Josh Maxwell
CCTechWiz

CCTechWiz

Go Basics; Data Types, Variables, and Collections

Go Basics; Data Types, Variables, and Collections

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Today we're going to take a look at the basic building block of Go; Data Types, Variables, and Collections.

As we go through this information please use the Go Playground to try out what I'm showing you on your own, this is a great way to learn.

Let's dive right in...

Primitives

The first things I look at when picking up a new language are the basic building block of that language. These are called primitives. Primitives are the core types of data that the language knows how to work with.

In Go there are four types of primitives;

  1. Boolean
  2. Numeric
  3. String
  4. Error

Most of these primitive groups contain multiple ways to represent their data.

Boolean Primitives

By definition, boolean types only have a singular way to represent their data. It is either true or false.

var t bool = true
var f bool = false

Numeric Primitives

These primitives can represent many different types and sizes of numeric values.

  • Integers (int) - Represents negative and positive values
  • Unsigned integers (uint) - Represents only positive values
  • Floating-point numbers (float) - Represents numbers with decimal points
  • Complex numbers (complex64) - Represents real and imaginary values

You might have noticed how the complex type has a 64 at the end. This signifies the number of bits used to store those values. If you do not specify the bit size, the compiler will do a pretty good job of filling that part in for you. However, you may specify the bit size on any of the numeric primitives if you need to ensure that they are of a specific size.

  • Integers: int, int8, int16, int32, or int64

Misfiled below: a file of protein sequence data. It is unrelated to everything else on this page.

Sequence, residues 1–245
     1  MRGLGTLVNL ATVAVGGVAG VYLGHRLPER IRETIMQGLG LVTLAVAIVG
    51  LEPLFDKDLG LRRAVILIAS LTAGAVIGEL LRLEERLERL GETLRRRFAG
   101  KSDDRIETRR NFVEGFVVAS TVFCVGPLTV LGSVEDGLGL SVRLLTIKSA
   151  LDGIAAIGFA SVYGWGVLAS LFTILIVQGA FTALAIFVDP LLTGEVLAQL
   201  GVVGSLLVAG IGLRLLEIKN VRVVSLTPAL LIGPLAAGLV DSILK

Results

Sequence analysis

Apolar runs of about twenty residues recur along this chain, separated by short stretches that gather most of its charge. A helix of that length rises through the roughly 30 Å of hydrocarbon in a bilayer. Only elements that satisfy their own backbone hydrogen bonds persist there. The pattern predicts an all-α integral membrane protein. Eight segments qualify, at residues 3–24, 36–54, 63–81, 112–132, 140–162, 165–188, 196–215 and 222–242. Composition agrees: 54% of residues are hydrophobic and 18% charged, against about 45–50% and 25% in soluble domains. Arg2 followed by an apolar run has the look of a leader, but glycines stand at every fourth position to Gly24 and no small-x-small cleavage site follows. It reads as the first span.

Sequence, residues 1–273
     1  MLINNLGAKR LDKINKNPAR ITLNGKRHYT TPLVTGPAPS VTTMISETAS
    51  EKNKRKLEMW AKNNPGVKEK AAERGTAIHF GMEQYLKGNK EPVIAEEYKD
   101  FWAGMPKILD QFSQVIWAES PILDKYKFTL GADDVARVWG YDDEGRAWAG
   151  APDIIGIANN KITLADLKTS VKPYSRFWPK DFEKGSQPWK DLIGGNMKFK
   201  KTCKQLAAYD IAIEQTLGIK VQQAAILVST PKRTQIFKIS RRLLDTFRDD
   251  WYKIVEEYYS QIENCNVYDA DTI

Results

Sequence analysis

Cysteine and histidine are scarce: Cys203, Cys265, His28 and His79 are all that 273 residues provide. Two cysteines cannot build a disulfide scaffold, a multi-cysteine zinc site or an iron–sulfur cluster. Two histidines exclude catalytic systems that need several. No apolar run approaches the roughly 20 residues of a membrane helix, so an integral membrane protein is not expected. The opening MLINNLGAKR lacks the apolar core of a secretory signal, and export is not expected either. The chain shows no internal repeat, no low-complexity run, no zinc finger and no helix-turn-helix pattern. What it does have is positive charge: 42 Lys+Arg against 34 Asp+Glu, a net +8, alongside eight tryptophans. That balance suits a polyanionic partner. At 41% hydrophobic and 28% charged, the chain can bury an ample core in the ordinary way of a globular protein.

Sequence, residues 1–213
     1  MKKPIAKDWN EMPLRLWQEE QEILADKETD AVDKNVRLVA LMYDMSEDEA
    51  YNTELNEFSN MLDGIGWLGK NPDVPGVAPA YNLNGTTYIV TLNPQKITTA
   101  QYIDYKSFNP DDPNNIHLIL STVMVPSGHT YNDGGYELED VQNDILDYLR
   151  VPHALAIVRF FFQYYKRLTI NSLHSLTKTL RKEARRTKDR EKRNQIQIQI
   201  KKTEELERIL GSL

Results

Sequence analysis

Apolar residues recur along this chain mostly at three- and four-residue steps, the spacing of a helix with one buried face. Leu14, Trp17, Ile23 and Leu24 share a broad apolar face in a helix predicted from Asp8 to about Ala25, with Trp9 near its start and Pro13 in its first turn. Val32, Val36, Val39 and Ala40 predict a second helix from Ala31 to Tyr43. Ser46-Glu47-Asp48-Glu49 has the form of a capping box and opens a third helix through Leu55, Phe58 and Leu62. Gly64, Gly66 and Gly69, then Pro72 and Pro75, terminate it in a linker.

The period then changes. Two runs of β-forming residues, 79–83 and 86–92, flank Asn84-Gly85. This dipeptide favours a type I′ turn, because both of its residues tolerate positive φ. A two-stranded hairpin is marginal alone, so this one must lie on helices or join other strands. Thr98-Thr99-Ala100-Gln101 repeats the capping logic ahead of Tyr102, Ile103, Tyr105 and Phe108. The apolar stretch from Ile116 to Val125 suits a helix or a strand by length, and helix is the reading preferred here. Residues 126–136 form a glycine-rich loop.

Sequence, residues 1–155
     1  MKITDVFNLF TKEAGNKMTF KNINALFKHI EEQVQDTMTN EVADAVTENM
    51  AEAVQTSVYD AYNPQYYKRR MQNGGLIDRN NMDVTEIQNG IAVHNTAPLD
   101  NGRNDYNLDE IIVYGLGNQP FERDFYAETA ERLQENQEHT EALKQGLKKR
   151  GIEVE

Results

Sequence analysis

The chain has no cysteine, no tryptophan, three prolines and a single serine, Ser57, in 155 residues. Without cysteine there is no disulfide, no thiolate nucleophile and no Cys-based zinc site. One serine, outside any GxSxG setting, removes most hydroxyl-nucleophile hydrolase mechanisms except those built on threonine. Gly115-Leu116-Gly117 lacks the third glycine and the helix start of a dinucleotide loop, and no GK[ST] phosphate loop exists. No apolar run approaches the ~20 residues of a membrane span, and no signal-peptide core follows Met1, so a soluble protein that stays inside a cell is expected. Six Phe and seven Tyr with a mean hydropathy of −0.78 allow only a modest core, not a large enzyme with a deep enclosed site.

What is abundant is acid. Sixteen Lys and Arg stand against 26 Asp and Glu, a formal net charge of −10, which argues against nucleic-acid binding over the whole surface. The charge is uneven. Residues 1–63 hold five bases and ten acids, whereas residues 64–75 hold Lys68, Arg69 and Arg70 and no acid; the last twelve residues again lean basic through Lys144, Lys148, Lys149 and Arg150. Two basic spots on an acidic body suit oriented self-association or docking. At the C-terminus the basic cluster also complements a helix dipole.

• Unsigned Integers: uint, uint8, uint16, uint32, or uint64
  • Floating-Points: float, float32, or float64
  • Complex: complex64, or complex128
var i int = -15
var u uint = 12
var f float = 3.14
var c complex64 = complex(1, 2)

String Primitives

These primitives can represent letters, words, sentences, and other text-based values.

  • Strings (string)
  • ASCII Characters (byte) -> Alias for uint8
  • Unicode Characters (rune) -> Alias for int32
var s string = "Hello, World!"

var b byte = 97
fmt.Printf("%c\n", b) //-> a

var r rune = '\U0001F44B'
fmt.Printf("%c\n", r) //-> 👋🏻

Bytes and Runes are commonly used in arrays to store specifically encoded versions of strings.

var str string = "Hello, World!"

ascii := []byte(str)
fmt.Println(ascii) //ASCII encoded version of str

unicode := []rune(str)
fmt.Println(unicode) //Unicode encoded version of str

Error Primitives

Errors handling is a core part of developing in Go, thus error is a primitive type in the language.

Even though error is technically a primitive type in Go, it is actually just a wrapper around string with some useful helpers.

var myError error = errors.New("There was an error")
fmt.Println(myError.Error())

Error() automatically get's called if we just use fmt.Println(myError). This is useful for creating our own custom error types that we can check against after calling functions where an error could occur. This way we can check for types of errors, rather than having to do string comparisons in code to see what the error was.

type customError struct {
  err string
  code uint
}

func (e *customError) Error() string {
  return fmt.Sprintf("%s with code: %d", e. err, e.code)
}

Declaring Variables

Now that we've seen the different primitives we can learn about how to use them to store values of those types. We've already seen that above, but let's talk more specifically about what we were doing in those examples.

In Go there are 2 ways to declare variables;

  1. Standard Declaration
  2. Implicit Initialization

Standard Declaration

This is the most verbose method of declaring and defining a variable.

var life int 
life = -42

With this method, we use the keyword var to specify we are going to be declaring a variable. Then we specify the name of the variable followed by the type. We can then use that variable and assign it a value later. This can all be done in a single line if you're going to define the variable at the same time you declare it.

var life int = -42

This is a bit better, but we can get it shorter.

Implicit Initialization

The Go compiler can already tell that the value -42 should be stored in a variable of type int. This means we can use the implicit initialization format and let the compile figure it out for us.

life := -42

This is how you will most likely declare your variables unless you want to be very specific about the type, or if the type could be ambiguous to the compiler (e.g. if you wanted life := 42 to be an unsigned integer you would have to use var life uint = 42 since the compiler will try to use integers first).

Pointer Variables